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Beginners guide to AM Transmitters, AM Antennas & AM Grounding

We get a number of inquiries about low power broadcasting on the AM band.
     Let's take a quick look at the four critical areas impacting range in low power AM broadcasting: transmitter, based loaded antenna, a good ground and fine-tuning.
     First is the transmitter type.
     Check to see what kind of transmitter is used and pay attention to how transmitter output is configured.
     Is the transmitter a simple oscillator or is a buffer amplifier present? This is important because a simple oscillator will be very sensitive to small changes in the antenna, ground or surroundings. A simple oscillator will be a bit trickier to tune.
     A more sophisticated transmitter will have a final amplifier section that will protect the oscillator from the effects of local environment changes. Either can be made to work but it's important to know which is being used.
     Check the schematic and the circuit board to see if there are internal matching circuits (small inductors or a few capacitors) between the transmitter output and the antenna terminal. These low-tech approaches to antenna matching are great for transmitting across a room but not across the street.     
     Jumper these items out of the circuit when tuning for maximum range.
     The 3 Meter rule means loading the short antenna with an inductor coil and then tuning the assembly.  Specific antenna construction projects here, here, here and here
     Ground rods, ground radials and ground screens are all very helpful. The FCC won't count anything below ground so put some metal under the dirt.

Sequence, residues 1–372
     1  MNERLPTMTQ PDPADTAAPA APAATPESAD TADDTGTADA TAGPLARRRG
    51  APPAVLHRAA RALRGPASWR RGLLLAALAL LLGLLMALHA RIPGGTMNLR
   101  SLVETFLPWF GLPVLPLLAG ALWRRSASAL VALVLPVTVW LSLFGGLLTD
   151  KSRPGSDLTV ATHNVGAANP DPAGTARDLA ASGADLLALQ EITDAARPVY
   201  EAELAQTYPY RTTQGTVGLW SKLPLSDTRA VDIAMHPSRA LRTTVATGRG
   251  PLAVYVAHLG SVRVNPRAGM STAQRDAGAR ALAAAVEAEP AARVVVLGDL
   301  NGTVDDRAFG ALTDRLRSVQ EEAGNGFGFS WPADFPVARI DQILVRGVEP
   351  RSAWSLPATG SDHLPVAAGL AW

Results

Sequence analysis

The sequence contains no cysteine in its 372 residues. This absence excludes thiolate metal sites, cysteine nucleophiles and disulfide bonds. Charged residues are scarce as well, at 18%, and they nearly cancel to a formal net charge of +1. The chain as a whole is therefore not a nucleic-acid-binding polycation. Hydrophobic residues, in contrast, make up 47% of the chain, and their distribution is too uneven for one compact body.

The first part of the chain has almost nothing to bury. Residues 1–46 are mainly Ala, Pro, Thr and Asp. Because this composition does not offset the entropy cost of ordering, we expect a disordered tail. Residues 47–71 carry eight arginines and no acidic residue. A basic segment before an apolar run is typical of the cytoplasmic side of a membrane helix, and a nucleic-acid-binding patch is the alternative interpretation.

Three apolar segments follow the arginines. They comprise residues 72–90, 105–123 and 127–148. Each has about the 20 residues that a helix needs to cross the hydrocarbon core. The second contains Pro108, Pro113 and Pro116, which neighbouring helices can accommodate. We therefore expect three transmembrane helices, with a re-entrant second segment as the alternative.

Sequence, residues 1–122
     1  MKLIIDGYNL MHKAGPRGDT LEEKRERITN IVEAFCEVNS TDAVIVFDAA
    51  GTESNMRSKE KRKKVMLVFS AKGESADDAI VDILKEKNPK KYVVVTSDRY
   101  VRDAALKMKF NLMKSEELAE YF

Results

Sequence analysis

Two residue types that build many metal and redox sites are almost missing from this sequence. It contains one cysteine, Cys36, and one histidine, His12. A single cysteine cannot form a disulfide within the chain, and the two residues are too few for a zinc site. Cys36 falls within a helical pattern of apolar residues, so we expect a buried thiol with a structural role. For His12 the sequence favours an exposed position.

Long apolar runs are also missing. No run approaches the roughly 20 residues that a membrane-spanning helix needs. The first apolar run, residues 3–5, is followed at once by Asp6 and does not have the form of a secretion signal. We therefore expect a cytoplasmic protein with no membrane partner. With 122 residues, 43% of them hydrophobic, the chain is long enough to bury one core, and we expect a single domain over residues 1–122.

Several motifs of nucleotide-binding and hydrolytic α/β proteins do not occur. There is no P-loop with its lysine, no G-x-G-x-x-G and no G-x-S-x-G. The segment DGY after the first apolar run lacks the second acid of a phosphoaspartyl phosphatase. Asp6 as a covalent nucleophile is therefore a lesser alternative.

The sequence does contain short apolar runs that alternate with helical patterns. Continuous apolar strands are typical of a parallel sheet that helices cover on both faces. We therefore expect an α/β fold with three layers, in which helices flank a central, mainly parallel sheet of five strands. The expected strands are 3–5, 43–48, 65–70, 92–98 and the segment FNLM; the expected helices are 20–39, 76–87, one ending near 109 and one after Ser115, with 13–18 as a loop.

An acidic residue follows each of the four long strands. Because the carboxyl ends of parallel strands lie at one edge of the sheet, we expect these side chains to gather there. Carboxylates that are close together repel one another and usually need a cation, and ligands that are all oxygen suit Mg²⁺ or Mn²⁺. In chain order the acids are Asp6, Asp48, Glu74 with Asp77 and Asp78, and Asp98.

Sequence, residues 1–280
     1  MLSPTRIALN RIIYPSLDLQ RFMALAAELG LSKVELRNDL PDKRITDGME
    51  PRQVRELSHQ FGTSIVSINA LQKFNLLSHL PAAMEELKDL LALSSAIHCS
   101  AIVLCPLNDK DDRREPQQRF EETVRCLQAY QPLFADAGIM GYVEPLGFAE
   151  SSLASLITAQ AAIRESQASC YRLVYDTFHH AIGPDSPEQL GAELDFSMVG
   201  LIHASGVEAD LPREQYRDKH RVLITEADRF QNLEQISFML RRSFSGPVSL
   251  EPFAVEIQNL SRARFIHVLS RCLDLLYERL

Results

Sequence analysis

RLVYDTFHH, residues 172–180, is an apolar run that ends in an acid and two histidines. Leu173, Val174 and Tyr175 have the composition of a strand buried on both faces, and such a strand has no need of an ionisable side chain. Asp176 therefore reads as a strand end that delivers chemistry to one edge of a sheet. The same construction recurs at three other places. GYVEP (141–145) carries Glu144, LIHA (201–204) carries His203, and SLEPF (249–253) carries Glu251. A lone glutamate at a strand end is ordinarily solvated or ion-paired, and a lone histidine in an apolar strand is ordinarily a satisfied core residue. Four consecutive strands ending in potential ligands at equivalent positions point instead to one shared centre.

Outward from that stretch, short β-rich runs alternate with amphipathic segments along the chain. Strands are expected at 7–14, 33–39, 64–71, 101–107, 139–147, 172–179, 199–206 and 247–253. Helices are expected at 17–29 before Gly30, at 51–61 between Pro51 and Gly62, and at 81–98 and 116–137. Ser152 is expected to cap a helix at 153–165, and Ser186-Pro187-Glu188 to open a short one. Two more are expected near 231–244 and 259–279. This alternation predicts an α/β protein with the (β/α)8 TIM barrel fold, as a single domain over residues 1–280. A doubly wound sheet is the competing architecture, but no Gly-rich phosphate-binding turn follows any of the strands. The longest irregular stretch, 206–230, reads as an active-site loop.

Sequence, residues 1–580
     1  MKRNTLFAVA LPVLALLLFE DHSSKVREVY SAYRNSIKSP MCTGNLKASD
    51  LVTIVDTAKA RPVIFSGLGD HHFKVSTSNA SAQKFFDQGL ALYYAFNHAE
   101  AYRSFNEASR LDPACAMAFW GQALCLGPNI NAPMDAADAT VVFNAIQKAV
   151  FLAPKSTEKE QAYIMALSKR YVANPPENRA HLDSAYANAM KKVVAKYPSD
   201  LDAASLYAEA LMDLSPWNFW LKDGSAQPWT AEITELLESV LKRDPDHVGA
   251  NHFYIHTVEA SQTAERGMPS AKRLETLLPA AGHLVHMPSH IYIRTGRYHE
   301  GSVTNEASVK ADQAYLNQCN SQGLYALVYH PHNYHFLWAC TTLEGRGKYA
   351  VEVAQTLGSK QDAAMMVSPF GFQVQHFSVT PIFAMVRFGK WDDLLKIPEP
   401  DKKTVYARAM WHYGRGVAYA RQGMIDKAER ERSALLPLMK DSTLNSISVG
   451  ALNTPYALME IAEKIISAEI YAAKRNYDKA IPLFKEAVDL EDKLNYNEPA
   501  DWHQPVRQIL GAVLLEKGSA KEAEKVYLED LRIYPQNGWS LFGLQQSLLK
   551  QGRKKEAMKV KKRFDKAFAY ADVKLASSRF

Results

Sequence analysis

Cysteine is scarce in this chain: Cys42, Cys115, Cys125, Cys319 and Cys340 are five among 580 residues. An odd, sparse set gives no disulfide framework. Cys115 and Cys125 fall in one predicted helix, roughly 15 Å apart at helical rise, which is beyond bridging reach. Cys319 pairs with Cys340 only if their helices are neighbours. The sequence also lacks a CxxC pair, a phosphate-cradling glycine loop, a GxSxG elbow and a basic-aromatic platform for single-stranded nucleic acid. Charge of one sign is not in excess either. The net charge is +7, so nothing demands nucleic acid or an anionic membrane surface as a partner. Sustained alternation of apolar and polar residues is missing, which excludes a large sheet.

Six radials, ten feet long, will deliver at least 50% of the maximum benefit so start there. A ground connection to the transmitter more than a few inches long can result in an unbalanced dipole and an NOUO for violating the 3 meter rule.
     Finally, tune the system by adjusting components.   Changing the connecting point (tap) on the coil changes the inductance and can make fairly large-stepped adjustments. 
     The antenna can be shortened slightly for fine tuning. The filament of a low current lamp will indicate the current level passing through the antenna when connected in series with the antenna and coil. A micro-ammeter can be connected in series with the antenna tuning circuit and the range should be in the low uA.
     Better range, better signal penetration and better audio quality can be achieved by first understanding what you are working with and then maximizing performance with  extreme fine tuning.

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